As a band, Baroness play with conviction and power with good reason. Following a near-fatal bus crash in 2012, singer/guitarist/frontman John Baizley was forced to rebuild the act from scratch, forging ahead with a legacy of survival and catharsis.
10 years on, and with acclaimed albums such as Purple and Gold & Grey under their belt, the Savannah, Georgia metal quartet is now set to begin an upcoming North America tour (eg. ‘Your Baroness: An Intimate Evening with‘) where fans can vote up to 10 songs for their respective city.
With an album in the works, appreciation for their fans has continuously been paramount to Baroness, finding fresh ways to keep that objective in focus. ADDICTED’s Myles Herod spoke with John Baizley about songwriting, live shows, and what motivates a band like his to keep breaking new ground.
Tell me about ‘Your Baroness: An Intimate Evening with’. What spurred the idea for this tour?
Baizley: We’ve discussed the “evening with” idea for at least 5 or 6 years. After the past few years of gruelling shutdowns and cancellations, it felt as though it was finally time to see the idea through.
What has it been like being a touring band during these COVID-19 times and when did it hit you that things may never be the same?
Baizley: There’s no sugar coating it, the pandemic has been a really difficult and challenging time to be a touring musician. Baroness thrives off of the live setting. We were founded on the idea of being a hard-touring band. I was shocked at how big a hole in my life was created when the touring industry shut down. I missed it immediately. I had been on tour consistently for 20 years and I was unprepared to take two years off the road. I think most of the world felt a similar blend of confusion, frustration and anxiety. Of course, all that negativity has made our return to work that much sweeter. It’s been fantastic to get back on the road. It just feels right. I hope that amidst all the new and lasting changes to the touring industry we take the opportunity to make some positive improvements and innovations.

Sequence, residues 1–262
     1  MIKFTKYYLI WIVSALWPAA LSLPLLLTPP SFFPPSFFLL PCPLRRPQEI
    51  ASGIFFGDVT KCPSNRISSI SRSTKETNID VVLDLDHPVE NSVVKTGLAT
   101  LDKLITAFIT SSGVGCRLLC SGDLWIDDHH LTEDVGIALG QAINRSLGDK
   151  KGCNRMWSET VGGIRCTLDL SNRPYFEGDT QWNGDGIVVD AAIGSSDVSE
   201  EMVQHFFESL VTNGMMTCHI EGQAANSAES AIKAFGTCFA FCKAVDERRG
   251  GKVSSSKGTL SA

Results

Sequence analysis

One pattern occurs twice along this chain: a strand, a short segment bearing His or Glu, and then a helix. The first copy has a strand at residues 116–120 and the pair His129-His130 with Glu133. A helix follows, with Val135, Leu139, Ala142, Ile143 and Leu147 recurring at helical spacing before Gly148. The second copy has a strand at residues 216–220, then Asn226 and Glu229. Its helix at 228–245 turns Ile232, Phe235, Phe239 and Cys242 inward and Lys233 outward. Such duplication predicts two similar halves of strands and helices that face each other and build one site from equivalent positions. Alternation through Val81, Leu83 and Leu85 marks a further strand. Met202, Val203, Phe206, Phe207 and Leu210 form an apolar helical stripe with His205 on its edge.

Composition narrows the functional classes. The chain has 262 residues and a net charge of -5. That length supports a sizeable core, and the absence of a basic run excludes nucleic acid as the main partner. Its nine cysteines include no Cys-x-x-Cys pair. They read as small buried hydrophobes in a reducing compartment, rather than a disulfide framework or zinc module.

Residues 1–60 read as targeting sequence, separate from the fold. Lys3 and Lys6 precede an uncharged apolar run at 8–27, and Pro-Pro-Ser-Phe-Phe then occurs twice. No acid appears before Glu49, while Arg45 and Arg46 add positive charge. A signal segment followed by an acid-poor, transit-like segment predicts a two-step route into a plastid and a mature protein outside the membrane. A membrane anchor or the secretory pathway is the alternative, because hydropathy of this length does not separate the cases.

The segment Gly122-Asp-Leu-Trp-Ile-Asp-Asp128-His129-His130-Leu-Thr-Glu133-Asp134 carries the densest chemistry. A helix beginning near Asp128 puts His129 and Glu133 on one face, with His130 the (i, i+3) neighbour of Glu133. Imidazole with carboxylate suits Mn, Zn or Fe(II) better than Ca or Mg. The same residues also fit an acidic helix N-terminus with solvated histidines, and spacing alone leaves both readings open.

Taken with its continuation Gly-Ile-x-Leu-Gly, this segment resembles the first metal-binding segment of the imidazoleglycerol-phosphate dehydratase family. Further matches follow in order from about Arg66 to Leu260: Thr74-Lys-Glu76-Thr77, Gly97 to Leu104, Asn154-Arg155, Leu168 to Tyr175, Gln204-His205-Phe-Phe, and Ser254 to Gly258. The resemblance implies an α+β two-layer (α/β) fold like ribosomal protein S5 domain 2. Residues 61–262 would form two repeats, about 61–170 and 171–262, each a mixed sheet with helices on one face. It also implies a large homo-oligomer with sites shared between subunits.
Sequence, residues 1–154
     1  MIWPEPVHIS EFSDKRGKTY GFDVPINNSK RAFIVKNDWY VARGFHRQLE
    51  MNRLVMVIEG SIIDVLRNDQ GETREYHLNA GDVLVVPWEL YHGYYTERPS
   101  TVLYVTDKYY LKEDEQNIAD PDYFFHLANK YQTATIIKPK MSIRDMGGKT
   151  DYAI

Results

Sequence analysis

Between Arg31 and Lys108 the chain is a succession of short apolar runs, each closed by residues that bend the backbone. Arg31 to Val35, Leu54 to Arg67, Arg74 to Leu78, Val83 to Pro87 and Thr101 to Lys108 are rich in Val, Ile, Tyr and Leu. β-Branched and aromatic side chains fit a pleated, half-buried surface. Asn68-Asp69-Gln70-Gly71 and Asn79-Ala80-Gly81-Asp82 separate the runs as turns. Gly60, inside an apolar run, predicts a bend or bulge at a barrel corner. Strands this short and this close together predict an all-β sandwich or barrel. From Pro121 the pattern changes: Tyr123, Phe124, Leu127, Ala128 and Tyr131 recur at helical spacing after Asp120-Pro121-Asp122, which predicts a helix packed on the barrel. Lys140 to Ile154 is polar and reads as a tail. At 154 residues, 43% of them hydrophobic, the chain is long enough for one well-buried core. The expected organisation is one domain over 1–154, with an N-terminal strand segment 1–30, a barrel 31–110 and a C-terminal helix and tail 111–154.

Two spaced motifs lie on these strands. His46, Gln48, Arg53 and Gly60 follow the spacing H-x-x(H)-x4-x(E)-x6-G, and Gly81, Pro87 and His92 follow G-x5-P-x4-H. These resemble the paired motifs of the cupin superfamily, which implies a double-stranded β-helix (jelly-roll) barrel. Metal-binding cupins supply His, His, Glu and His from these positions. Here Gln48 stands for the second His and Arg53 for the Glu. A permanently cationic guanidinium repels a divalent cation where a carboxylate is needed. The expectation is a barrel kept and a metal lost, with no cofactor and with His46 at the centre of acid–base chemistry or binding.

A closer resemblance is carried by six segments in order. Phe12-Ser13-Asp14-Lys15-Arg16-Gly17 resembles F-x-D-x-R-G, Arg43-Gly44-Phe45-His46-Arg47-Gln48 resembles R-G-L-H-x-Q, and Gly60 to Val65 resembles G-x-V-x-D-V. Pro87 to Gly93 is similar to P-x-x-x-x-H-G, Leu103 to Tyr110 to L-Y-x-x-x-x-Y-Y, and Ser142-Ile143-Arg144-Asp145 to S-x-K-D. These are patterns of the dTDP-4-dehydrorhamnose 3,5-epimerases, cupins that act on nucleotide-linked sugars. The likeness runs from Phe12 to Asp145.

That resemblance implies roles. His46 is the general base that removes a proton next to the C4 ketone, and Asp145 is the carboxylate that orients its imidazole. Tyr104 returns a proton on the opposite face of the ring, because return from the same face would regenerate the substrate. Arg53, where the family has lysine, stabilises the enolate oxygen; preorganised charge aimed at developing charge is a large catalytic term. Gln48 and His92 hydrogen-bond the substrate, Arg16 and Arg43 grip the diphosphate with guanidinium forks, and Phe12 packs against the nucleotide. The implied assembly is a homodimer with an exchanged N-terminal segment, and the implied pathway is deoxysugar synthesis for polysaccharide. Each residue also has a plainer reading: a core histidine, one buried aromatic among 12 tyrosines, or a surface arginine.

For this particular tour, how did you guys decide on letting fans be the ones to choose the setlist?
Baizley: We’ve always made it a priority to be as close and connected as we can with our audience. We had figured out a way to build a voting link into the ticket sales platforms, so it seemed like a really natural and obvious step to give our fans more of a voice when it came to this long-form “evening with” show. It’s been a great and rewarding challenge to go back and re-learn/refashion all of our songs. Many of our older songs are coming back permanently to our shows.
Personally speaking, what songs are you looking forward to performing live on this tour?
Baizley: I love playing all of our most recent songs, especially the acoustic tracks of Gold & Grey, alongside our earliest material. The dynamic differences are huge. It’s been really cool to have the occasion to play songs like “Tower Falls” (off of the First EP) with songs like “I’d Do Anything” and “Cold-Blooded Angels” (Gold & Grey).
The band has finished or nearly finished, your new album. Can you tell me a bit about it?
Baizley: We’re making the whole thing ourselves. It’s a very DIY project, recorded in several remote rural Air BnBs. We started it in isolation, came together, jammed and improvised it as a four-piece, and we’ll be done soon.
As a band, Baroness seems an almost all-consuming entity (one that harkens back to rock bands 50 years ago), from the album artwork to the composing and recording. What does the band do to keep a clear and consistent vision?
Baizley: We try to live inside the context of this band as comprehensively as possible. We’re like a cult or a family. We do everything together and the process of making our albums is one of intense work, routine and collaboration. We trust our instincts and push each other to write better, more genuine, more compelling music.
As a band that has extensively toured, come back from the brink, and accomplished so much as a result – what do you know for sure in this world?
Baizley: You have to fight to survive.
Baroness plays an intimate show at the Horseshoe Tavern tonight, April 12.